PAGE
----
More than one million awards, decorations, and citations were issued to servicemen over the course of World War II and in the years that followed. The primary U.S. decorations include:
Medal of Honor. This is the highest U.S. military decoration, most commonly awarded to members of the U.S. Army and Navy who demonstrated bravery and gallantry above and beyond the call of duty.
Distinguished Service Cross. The second-highest award given by the Army and the Army Air Force, presented for exceptional heroism in combat.
Navy Cross. The second-highest award given by the Navy and Marine Corps, also for exceptional bravery in combat.
Distinguished Service Medal. Awarded by the Army, Navy, and Marine Corps for exceptional meritorious service, most often to senior officers.
Silver Star. Awarded for gallantry in action.
Legion of Merit. Awarded to officers for exceptional meritorious service.
Distinguished Flying Cross. Awarded for heroism or exceptional achievement in flight.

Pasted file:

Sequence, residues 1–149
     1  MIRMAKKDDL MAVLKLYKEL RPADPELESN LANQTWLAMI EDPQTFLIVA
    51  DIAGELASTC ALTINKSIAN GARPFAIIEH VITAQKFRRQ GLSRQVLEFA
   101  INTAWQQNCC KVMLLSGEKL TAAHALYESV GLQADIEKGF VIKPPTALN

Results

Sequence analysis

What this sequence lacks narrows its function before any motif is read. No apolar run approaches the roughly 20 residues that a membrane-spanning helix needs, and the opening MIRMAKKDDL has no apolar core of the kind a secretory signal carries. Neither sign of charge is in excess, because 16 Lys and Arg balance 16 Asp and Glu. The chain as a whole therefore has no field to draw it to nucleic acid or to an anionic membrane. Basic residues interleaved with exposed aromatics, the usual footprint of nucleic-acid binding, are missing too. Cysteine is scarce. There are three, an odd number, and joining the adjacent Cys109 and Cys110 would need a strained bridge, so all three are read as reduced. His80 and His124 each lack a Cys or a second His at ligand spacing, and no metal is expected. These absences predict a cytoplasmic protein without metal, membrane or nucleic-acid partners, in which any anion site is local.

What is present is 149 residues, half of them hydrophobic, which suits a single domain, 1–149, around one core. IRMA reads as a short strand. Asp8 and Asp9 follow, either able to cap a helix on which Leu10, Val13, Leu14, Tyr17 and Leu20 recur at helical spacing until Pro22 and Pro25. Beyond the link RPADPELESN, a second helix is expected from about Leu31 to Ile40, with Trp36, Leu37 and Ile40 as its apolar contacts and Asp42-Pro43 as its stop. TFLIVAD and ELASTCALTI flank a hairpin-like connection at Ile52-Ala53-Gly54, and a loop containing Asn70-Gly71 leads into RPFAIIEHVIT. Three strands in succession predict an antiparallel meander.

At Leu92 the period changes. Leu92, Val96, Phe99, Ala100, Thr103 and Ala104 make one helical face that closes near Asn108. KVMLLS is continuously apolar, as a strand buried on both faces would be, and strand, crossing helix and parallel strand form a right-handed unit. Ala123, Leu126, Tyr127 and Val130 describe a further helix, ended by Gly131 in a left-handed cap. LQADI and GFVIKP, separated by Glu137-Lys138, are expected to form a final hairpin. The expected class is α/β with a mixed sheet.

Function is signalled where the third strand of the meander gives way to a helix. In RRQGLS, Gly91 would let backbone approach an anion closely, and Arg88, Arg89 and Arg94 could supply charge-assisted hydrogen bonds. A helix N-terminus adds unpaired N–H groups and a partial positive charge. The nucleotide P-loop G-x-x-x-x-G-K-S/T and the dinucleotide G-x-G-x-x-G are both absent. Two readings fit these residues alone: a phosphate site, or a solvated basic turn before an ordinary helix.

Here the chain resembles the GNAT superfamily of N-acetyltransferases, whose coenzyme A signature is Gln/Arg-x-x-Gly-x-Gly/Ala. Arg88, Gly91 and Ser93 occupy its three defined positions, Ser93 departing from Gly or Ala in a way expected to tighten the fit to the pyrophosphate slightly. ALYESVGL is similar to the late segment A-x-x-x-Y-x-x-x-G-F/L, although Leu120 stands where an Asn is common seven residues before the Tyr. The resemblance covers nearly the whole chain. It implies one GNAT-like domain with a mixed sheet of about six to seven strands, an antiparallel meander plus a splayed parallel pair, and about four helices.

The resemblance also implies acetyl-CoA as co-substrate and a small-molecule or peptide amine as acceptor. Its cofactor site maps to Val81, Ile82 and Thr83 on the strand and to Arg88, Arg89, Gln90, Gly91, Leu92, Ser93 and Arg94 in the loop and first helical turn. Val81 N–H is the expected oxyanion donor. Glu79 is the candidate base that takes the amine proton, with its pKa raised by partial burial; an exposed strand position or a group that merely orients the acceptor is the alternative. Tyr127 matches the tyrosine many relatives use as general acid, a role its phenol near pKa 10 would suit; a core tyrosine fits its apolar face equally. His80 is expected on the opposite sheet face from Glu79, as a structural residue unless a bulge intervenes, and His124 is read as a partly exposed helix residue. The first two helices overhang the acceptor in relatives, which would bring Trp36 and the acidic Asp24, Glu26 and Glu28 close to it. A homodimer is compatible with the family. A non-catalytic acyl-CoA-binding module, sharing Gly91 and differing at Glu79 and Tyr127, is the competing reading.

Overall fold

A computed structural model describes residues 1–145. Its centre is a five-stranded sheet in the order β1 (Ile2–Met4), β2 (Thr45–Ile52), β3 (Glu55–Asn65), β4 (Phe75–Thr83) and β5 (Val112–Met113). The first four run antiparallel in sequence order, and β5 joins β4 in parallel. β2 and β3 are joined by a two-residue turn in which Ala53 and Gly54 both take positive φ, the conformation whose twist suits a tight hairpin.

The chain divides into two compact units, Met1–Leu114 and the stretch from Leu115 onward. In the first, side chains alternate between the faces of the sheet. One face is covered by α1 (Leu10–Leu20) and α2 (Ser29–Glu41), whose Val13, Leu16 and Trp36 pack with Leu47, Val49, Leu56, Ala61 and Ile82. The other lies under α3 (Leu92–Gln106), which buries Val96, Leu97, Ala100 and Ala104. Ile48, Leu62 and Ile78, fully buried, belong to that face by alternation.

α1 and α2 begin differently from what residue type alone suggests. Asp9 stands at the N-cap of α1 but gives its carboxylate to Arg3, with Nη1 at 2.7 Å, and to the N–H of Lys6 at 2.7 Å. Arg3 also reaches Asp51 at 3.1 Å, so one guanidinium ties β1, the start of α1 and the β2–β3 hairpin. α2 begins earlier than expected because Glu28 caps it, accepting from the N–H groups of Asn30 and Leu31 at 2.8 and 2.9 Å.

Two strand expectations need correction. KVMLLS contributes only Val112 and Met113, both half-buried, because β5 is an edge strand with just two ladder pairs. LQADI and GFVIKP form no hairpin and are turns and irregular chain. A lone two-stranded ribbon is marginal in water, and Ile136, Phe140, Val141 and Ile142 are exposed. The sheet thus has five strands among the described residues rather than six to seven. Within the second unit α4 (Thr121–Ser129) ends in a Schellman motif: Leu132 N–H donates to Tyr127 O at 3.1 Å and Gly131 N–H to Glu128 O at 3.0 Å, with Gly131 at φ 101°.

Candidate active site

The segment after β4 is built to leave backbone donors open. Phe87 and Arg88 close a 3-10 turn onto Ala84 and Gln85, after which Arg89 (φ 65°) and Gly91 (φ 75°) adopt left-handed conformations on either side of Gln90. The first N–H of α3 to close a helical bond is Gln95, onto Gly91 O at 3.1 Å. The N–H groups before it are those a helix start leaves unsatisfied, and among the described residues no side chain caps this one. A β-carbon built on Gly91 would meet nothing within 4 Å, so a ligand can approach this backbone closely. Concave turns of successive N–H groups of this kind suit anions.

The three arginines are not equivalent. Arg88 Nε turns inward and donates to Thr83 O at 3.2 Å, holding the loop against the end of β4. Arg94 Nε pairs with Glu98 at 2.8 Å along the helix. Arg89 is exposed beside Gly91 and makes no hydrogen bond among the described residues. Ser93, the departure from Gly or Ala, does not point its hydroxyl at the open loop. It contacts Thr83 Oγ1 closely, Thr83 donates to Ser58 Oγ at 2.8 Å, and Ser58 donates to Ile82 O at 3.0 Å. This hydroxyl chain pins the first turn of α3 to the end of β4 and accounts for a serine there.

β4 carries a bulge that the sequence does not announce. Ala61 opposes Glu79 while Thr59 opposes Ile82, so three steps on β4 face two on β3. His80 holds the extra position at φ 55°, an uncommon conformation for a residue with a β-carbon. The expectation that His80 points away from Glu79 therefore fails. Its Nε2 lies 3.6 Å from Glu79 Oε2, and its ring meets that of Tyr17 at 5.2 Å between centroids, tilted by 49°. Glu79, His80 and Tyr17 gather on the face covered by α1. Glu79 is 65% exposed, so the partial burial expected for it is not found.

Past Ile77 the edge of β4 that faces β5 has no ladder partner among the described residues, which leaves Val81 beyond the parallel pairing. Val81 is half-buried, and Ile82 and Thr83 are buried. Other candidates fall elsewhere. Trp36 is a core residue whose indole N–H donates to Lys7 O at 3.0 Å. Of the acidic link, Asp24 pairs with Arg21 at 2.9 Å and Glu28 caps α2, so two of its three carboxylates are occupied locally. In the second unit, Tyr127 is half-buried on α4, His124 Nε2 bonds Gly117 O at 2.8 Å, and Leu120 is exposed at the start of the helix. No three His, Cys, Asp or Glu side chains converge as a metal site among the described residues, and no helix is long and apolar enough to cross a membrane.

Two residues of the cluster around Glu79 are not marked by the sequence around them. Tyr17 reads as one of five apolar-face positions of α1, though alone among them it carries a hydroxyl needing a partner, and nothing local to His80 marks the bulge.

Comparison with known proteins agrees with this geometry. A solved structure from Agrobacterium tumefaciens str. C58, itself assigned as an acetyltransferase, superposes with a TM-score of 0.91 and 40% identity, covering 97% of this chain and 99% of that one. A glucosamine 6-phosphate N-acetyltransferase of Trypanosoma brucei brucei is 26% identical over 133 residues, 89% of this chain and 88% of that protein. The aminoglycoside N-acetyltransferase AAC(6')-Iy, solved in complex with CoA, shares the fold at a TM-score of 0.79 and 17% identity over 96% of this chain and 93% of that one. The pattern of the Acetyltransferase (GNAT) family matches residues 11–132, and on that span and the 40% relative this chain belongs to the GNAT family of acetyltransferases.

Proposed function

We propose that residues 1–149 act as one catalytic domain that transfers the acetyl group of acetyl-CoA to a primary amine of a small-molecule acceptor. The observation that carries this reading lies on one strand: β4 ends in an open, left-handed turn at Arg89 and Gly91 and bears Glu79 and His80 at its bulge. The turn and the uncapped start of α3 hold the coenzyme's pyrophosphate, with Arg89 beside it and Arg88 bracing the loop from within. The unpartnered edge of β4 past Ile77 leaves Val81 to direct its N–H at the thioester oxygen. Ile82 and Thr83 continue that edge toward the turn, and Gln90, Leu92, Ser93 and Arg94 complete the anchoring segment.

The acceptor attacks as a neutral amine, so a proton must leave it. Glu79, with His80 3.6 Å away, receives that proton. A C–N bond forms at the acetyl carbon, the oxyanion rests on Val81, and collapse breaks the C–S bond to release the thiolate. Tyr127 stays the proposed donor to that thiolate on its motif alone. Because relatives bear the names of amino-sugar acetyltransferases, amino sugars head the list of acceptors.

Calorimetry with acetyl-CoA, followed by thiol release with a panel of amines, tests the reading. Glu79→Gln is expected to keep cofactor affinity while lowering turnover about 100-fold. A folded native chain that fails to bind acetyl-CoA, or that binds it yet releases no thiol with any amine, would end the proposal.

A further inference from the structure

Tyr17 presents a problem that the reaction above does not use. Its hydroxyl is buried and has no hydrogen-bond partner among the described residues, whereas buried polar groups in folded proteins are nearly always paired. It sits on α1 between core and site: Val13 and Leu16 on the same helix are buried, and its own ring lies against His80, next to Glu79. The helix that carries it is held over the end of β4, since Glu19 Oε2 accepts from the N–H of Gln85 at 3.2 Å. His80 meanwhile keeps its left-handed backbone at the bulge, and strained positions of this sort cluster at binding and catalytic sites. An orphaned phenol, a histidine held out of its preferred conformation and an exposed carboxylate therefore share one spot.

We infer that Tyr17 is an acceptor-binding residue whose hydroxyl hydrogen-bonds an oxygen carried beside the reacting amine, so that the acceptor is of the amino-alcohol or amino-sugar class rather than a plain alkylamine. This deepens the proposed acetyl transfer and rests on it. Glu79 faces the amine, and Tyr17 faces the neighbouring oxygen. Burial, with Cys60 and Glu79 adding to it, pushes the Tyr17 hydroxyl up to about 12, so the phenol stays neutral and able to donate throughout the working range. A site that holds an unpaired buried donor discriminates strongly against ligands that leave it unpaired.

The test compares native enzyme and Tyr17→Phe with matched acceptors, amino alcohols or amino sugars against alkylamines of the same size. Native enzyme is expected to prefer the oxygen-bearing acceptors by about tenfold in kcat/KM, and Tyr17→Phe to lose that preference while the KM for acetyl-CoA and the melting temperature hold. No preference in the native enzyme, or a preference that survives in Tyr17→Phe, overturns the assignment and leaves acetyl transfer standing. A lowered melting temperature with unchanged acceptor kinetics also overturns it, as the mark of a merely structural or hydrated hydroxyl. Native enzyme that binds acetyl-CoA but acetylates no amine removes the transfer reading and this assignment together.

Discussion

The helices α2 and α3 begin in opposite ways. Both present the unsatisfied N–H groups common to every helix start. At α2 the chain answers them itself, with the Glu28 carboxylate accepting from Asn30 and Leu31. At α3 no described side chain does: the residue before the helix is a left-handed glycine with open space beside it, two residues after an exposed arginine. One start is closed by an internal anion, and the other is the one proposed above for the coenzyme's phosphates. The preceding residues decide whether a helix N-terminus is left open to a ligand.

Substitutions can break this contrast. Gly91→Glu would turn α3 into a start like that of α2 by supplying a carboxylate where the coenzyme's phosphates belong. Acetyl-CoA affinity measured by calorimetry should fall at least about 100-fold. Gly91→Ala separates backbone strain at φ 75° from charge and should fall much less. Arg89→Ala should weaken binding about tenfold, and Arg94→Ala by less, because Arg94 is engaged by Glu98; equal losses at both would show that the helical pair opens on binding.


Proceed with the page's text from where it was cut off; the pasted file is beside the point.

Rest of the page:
Soldier's Medal. An army award issued for heroism not involving action against the enemy.
Navy and Marine Corps Medal. Also given for heroism not involving action against the enemy.
Bronze Star. Awarded for heroic or meritorious achievement during military operations.
Air Medal. Awarded for meritorious achievement in flight to members of all the armed services.
Commendation Medal. Established for the U.S. Navy in 1944 and for the Army in 1945, this citation is awarded for meritorious service in peace or war.
Purple Heart. First established by General George Washington during the Revolutionary War and re-established in 1932, this citation is given to servicemen who are wounded or killed in combat. To be eligible for a Purple Heart, a serviceman must have an injury severe enough to merit attention from a medical officer.